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  2. Romance- yuck! I LOVE romance! 😜 One of my summer reads will be The Lady of the Lakes by Josi S. Kilpack. It’s the true love story of Sir Walter Scott, a historical romance. Your list is great, though. 🙌🏻

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  3. I’ve read all of them except Fahrenheit 451 and Lord of the Flies, but might read them sometime soon. 🙂 I haven’t done as much reading as I’d like lately, with young kids I’m too tired to concentrate on anything too difficult to follow, so like you have been reading some kinda young adult novels. The ones on your list that I’ve read are quite easy to find the time to read and easy to follow even when you’re distracted I think, so would be great and well worth a read. 🙂

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  4. I love romance as well (sending hi fives to Camie), but I hear you about finding time to read for yourself. I’m constantly on the lookout for a book that will connect with my daughter and foster her love of reading, but we aren’t there yet. She loves when I read to her and we share stories; I can honestly say that I love this too.

    But finding time to read for myself is always a little bit of a struggle. One of the things that I love about summer is that people share their “summer reading lists” and so many people start talking about books – one of my favorite subjects! 🙂 Thanks for sharing yours, those are some great selections there!

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  5. Hey, you’ve got some of my favorites on this list! 1984 and Brave New World were favs I read in high school and their themes have stuck with me ever since. Great goal to read them all. I also get the shivers thinking about the correlation between the Dystopian novels and the direction our society is headed. Yikes!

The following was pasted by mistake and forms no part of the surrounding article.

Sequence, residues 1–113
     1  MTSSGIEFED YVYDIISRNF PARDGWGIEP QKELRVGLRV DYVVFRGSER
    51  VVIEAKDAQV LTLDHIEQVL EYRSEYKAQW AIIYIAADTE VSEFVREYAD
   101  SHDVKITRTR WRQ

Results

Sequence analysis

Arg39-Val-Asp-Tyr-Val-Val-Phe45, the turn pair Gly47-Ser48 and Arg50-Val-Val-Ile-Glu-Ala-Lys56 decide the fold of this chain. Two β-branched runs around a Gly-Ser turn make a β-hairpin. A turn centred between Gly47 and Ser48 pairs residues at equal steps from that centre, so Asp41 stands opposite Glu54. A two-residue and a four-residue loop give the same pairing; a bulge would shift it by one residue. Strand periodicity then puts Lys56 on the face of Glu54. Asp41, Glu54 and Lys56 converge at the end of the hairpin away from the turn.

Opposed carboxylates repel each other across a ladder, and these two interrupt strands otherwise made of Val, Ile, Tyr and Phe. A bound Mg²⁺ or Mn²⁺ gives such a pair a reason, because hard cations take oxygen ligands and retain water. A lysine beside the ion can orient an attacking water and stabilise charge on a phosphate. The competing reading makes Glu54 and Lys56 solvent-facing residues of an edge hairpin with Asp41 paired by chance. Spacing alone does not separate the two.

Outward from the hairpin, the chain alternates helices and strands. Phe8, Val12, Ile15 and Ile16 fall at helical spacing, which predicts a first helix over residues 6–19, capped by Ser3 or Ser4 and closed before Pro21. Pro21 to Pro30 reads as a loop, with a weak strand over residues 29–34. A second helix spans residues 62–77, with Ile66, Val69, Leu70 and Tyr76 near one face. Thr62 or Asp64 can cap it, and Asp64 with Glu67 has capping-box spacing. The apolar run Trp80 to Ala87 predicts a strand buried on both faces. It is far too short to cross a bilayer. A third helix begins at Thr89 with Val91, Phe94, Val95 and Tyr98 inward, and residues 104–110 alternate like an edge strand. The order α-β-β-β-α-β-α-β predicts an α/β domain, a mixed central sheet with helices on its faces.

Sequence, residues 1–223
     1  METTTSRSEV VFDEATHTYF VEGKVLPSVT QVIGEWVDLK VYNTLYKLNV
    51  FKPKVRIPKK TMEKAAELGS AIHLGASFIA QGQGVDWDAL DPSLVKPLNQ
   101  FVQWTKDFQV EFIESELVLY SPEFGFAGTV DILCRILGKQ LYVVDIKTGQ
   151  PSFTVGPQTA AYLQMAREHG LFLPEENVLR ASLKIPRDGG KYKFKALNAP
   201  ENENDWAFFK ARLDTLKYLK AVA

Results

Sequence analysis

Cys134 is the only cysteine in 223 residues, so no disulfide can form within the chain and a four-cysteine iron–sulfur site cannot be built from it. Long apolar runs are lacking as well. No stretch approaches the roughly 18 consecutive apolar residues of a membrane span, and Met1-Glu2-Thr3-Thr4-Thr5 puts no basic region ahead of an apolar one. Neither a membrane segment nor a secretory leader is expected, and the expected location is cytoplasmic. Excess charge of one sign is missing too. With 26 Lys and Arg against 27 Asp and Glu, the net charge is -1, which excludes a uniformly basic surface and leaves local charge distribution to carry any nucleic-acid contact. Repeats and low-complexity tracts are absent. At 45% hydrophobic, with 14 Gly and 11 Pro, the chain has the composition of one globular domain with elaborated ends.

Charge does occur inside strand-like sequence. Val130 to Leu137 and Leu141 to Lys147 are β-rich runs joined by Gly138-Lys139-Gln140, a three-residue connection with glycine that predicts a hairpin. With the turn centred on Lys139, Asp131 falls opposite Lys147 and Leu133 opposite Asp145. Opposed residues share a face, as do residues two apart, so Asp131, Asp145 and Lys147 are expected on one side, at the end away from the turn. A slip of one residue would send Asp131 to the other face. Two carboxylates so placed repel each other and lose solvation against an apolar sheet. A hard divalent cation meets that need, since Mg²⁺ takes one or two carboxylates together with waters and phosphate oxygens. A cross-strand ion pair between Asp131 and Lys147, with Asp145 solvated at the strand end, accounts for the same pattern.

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  6. Oh my gosh, I am SO with you on the lack of love for the romance genre, lol (sorry ladies!) and anything related to celebrities. We do not have television and I don’t care for periodicals but OH how I love the classics! 🙂 I have lots of downloads on my Kindle that I’ll be diving into shortly, so it’s going to be nice. Have an awesome summer!

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    1. Lol. I knew I’d be in the minority for not liking those sorts of books. 😛 I did read The Great Gatsby. I honestly don;t remember what it was about though. It was so long ago!

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      1. I did read the Great Gatsby, but my memory of the book gets mixed up with the Robert Redford movie…it was Robert Redford after all! 🙂

        Honestly, I’m not much of a romance fan myself…unless the real story is in the suspense. Think Phantom of the Opera (the 1909 Gaston LeRoux novel) or Daphne Du Maurier’s Rebecca.

        I like Science Fiction, Fantasy, Historical Fiction and humor. I grew up reading Nancy Drew and Trixie Beldon, and everything I could get my hands on about horses.

        I used to like horror a lot, but having kids cooled that for me for some reason. The last Stephen King I read was It, and that was in 1988. My oldest son was a baby. He, on the other hand, loves horror and pretty much most of the same things I read, including Phantom of the Opera.

        I am actually reading Lord of the Flies right now, and also have Brave New World on my list. Let me know what you think.

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  7. LOVE your list! I think I’ve read them all (I was big into sci-fi in high school) but am waaaay overdue for re-reads. I’ve got a giant stack of library books recommended by friends, waiting by my chair so that the second our portfolios and evaluations are finished, I can dive in! Dorothy Sayers’ (a new author I want to like) “Gaudy Night” and “The Whimsical Christian”, Connie Willis’ “Doomsday Book”, Amy Tan’s “Saving Fish from Drowning”, and Anthony Doerr’s “All the Light We Cannot See.” Most of those I have no idea what genre they are, so probably not exactly classics, but I am in great need of getting my head out of nonfiction and into some great fiction!